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Ton Lokal

Introducing a monthly music column by the ubiquitous Timothy Reidy

by Timothy Reidy on November 6, 2013 · 2 comments


Tim Reidy is kind of a legend. I’m not the first person to make this proclamation. If you’ve recently been to see a local band, peruse galleries at Albany’s 1st Friday or Troy Night Out, or wander the crowds of Alive at Five, LarkFest or Pearlpalooza, you’ve almost definitely seen Tim—front-and-center. He’s a fan and a fixture, the guy who definitely caught that Tuesday night show you spaced out on and would be glad to show you the photos on his camera. A mild-mannered state worker by day, Tim becomes a superhero of public transit in the evening and on weekends, riding the CDTA route schedule through gaps in the space-time continuum in order to catch multiple shows per night. He’s been known to see more concerts in a month than there are days, and one weekend this summer he pulled the seemingly statistically impossible feat of attending Bellstock, Sawfest and the Americanarama Music Festival entirely by bus.

Needless to say, the archive of photos and videos he’s amassed at his blog 3garcons.tumblr.com is one of the music scene’s most extensive. Ton Lokal is meant to be an extension of this project onto ink and paper (with the occasional online video). Friend Tim on Facebook and your feed will soon be full of German puns. Ton Lokal is the tone of the local scene, a German cognate that is also synonymous with bar or tavern. Every month, Ton Lokal will serve as the tour diary of Albany’s live music superfan, a vicarious ride through the region’s robust club calendar, and a loving reminder that none of us have any excuse for being bored with so much going on.

–Josh Potter

Roktober Retrospective

I hope this section will focus on the live aspects of our music and arts community with the main focus on music. I am an artist who got swept into this area’s great music scene, learned photography, and further got into the arts and dance scenes. Along the way, I hope to share video from the recent past.

Rosary Beard at Local Harvest Fest. Photos by Timothy Reidy.

Starting with dance, the Ellen Sinopoli Dancers started off the Kaatsbaan season on Oct. 5 with a bang; the closing dances were really enjoyable. That weekend, My Pet Dragon showed off their less-danceable side with a duo performance at the Hollow Bar that was strong on vocals. The Local Harvest Fest had four great daytime acts in Washington Park. Banshee Tree stood out for me.

The highlight of the month had to be the O+ Festival in Kingston. The acts that I knew were really great, while the only thing I did not enjoy was a yoga class. Swamp Baby brought a quiet set to a family atmosphere. After that was the duo of Jay Ungar and Molly Mason teaming up with Mike and Ruthy for a folk extravaganza. Later that day, I saw some serious dance from Zamboni Dance/Theater and they got my bag into their act. Snowflake was worth the wait with stellar sounds and a movie in the background. On Sunday, I got to see Kris Perry’s Machines, which was a cool percussion spectacle with instruments made from scrap. And the Kids were treated to a packed house as they played a good poppy prog set. Spiritualized closed Old Dutch Church with a bang and ended the festival well.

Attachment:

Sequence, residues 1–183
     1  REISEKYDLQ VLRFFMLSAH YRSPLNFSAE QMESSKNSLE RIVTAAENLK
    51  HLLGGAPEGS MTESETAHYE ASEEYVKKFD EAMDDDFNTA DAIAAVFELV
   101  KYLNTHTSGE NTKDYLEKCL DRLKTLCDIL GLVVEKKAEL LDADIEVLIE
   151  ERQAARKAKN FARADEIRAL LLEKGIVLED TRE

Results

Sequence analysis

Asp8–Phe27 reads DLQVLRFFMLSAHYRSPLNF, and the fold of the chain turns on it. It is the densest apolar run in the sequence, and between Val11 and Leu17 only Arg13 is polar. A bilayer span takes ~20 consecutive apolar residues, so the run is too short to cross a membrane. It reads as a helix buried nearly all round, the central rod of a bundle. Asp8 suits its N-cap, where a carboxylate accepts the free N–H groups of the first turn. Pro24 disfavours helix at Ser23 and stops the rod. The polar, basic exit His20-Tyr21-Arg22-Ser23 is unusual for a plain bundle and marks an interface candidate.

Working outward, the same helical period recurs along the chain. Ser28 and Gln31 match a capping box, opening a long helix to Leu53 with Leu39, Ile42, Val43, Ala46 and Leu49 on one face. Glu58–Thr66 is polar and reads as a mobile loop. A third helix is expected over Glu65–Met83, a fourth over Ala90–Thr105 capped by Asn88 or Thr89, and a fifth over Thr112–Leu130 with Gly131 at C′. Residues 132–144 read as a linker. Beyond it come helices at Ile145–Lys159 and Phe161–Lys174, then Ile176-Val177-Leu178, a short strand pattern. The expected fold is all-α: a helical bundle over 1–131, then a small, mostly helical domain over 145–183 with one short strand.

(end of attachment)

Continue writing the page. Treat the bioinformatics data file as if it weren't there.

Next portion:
Vieux Farka Toure played on the 24th to a packed Sanctuary for Independent Media in Troy. With a four-piece, he delivered fine African rhythms as the show went from seated (including the band) to everybody standing or dancing.

At Valentines on Oct. 26, I was treated to a triple bill of the Parlor, Sgt. Dunbar and the Chandler Travis Philharmonic. The Parlor played a short and extra sweet 30-minute set mostly of favorites and new numbers. Most of them stayed on and joined Sgt. Dunbar and the Hobo Banned in the second set. They contributed to an EP, of which Sgt. Dunbar will have two more to go before the end of the year, on a project to match their number of horse-riding songs. If you wanted some classic Sgt. Dunbar, you surely got it that night. Chandler Travis finalized the bill with a solid set as they mixed awesome sounds with frivolity throughout their set.

The Lucky Jukebox Brigade at Valentine's.

October’s Troy Night Out was good for the art displays, and the Art Center of the Capital Region had a fine exhibit that challenges the viewer in the main gallery. Solid Smoke was the best music act of the evening with exciting cover tunes for the season such as “Thriller.”

November’s Albany 1st Friday was a slow affair, as I was uptown and saw the Pine Hills Library displaying printed art themes. The Opalka Gallery had an entertaining Firlefanz puppet show, and the Armory Show was like an art funhouse.

Halloween brought a super six-band bill to Valentine’s that was tightly packed, and the early birds did well with Olivia Quillio having an intimate set to start out. The Blind Owl band were rocking with their folk-inspired songs. The Black Mountain Symphony put together an epic set and were costume-coordinated. The evening tended to get blurry after that with band after band, and the bands overall had well thought-out covers to go along with their originals that evening.

–Timothy Reidy

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